Once, in 1996, Josefowicz and Kramer had a brief discussion about Jewel's upcoming centennial celebration. When Josefowicz asked Kramer for his ideas a week later, Kramer decoded the intentional mystery of their previous conversation and realized that he had been put in charge of planning the event.

"He would have 16 different ideas spinning in different directions at a time, making him a challenge to work with," Kramer says. "He's very impatient — but in a good way — with developing new concepts."

Since coming to Borders, Josefowicz has tried to instill more strategic, analytical visions in his managers, allowing them to feel more creative and accountable. The result has been greater company solidarity.

"Greg is not one who ascribes to the model of ‘a genius and 1,000 helpers,''' Spinozzi says. "He empowers those around him so that we all contribute to his vision and have ownership of it. He's been able to elevate the games of all the players on his team."

Says Josefowicz, "I enjoy the retail environment. I consider it a very open and fair environment and one in which you can succeed if you pay attention to all the signals that the consumer sends you."

In one Borders store in Evanston, the typically wide array of customers — from the suited to the casually clad — stroll around. As upbeat jazz music plays in the background, they sidle up to the bookshelves and saunter to the café or sit on the carpeted floor, where a book could keep them occupied for hours. Upstairs customers gravitate to the music preview stations, part of a campaign launched by Josefowicz that lets customers listen to selections from virtually every CD in the store.

"Stores that are able to afford a great environment and a great variety have been proven to be successful at meeting customer needs better than smaller locations," Josefowicz says. "We're able to offer not only physical product but an experience that goes beyond the mere commerce transaction."

On some evenings the Evanston store's doors stay open partly so that live musicians, announced by fliers plastered on the windows, entice passersby to come inside. On other occasions a local author will be invited to come for a reading or book signing. Events like these illustrate the community relationships Borders attempts to build in all its stores. The result is an atmosphere of which Josefowicz is proud — and one that made him a loyal customer long before he became CEO.

"As I always say, very seldom does a customer come into a bookstore with an attitude ... and if they do have an attitude, it's a very positive one," he says.

Another weapon that Josefowicz considers crucial to business success is old-fashioned customer service, generated in large part by the people behind the counter. "We have an unfair advantage in a way," he says. "The nature of the products we sell appeals a lot to the employees we attract."

While café-mingling, listening to music and shelf-browsing are the typical images associated with Borders, the company has also begun to expand in other ways under Josefowicz's command. Sales on the Internet, for example, brought Borders $27 million in revenues last year; however, the Internet portion of Borders' overall operation also resulted in a loss of $18 million for the same period. A recent alliance with Amazon.com should decrease costs that partly created the loss, Josefowicz says.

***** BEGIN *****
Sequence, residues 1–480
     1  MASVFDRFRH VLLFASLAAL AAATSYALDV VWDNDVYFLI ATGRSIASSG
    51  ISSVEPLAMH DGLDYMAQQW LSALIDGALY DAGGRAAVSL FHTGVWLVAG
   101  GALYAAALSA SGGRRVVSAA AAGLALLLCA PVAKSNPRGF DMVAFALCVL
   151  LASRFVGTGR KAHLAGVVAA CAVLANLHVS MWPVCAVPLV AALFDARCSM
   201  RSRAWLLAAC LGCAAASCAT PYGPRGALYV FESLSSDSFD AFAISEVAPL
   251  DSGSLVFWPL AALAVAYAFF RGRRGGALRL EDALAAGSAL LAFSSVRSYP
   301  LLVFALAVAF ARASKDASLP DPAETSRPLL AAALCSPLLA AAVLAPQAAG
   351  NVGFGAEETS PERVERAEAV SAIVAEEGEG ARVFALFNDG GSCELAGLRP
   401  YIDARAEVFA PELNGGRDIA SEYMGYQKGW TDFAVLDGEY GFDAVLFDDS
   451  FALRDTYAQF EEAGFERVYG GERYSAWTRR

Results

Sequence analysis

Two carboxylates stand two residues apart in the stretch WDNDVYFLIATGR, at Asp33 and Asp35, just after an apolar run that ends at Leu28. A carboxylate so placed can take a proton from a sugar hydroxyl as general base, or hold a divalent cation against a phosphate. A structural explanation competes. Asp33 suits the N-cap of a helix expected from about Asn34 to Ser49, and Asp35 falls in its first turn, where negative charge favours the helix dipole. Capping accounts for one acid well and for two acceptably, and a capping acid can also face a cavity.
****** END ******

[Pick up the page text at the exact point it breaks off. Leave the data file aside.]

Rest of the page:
Still, the bookstores give the company its foundation. Josefowicz's primary goal remains to bolster the superstores by continually increasing the variety of products offered within each store. And although 50 percent of the U.S. population live in counties with Borders stores, he still yearns to expand by opening new U.S. stores.

This is no surprise, considering the speed at which Josefowicz's mind works. If a Jewel store had a sales problem, for instance, he didn't just visit the location and look at its sales history to find a standard solution, says Kramer. Whatever the situation, Josefowicz found a way to get vital information that extended far beyond that store's confines and that others wouldn't even think of.

"He's never beaten by a challenge," Kramer adds.

Josefowicz almost always knows what he wants. At one Christmas lunch with an advertising agency for Jewel-Osco, he was seated at the far end of a table near people with relatively little decision-making power.

When Kramer apologized for the seating arrangement, Josefowicz said he had actually picked his position because he "wanted to meet some genuine folks."

Although Josefowicz can spout figures and summon business details in half an instant, many people just see him as a normal guy. In fact, he only talks about his prominent job when asked to. "He's not one to dwell on his job or get into a teary dissertation about it," Kramer says.

That down-to-earth nature shows most clearly through his sense of humor, which can be self-effacing at times.

"Someone once said, 'I don't want to achieve immortality through my work, I want to achieve it through not dying,'" Josefowicz jokes. "I think I'm fortunate enough to have a pretty good balance in many aspects of life that go beyond work. It requires effort and prioritization, but right now I'm feeling pretty good about everything."

Everything includes his family, which has been a large priority in his life since his days at Kellogg. Says his daughter, Leslie, a Northwestern senior majoring in communications studies and French, "He has worked since I was a little girl but has always made a lot of time for me, whether that means taking me to games or reading to me."

Another thing Josefowicz always makes time for — no surprise here — is reading. His tastes range from early 20th-century fiction to histories to sports literature. He has a special affinity for Ernest Hemingway, with whom he shares a birthday. His passion for the written word and the work he does is one thing that hasn't changed along his journey from bag boy to Borders CEO.

"He's always loved books," Leslie Josefowicz says. "The job's a perfect fit for him."

Jennifer Su (J03) of College Station, Texas, is an editorial intern with Northwestern magazine. She is also founder and editor in chief of mustardseed, a campus-based Christian magazine.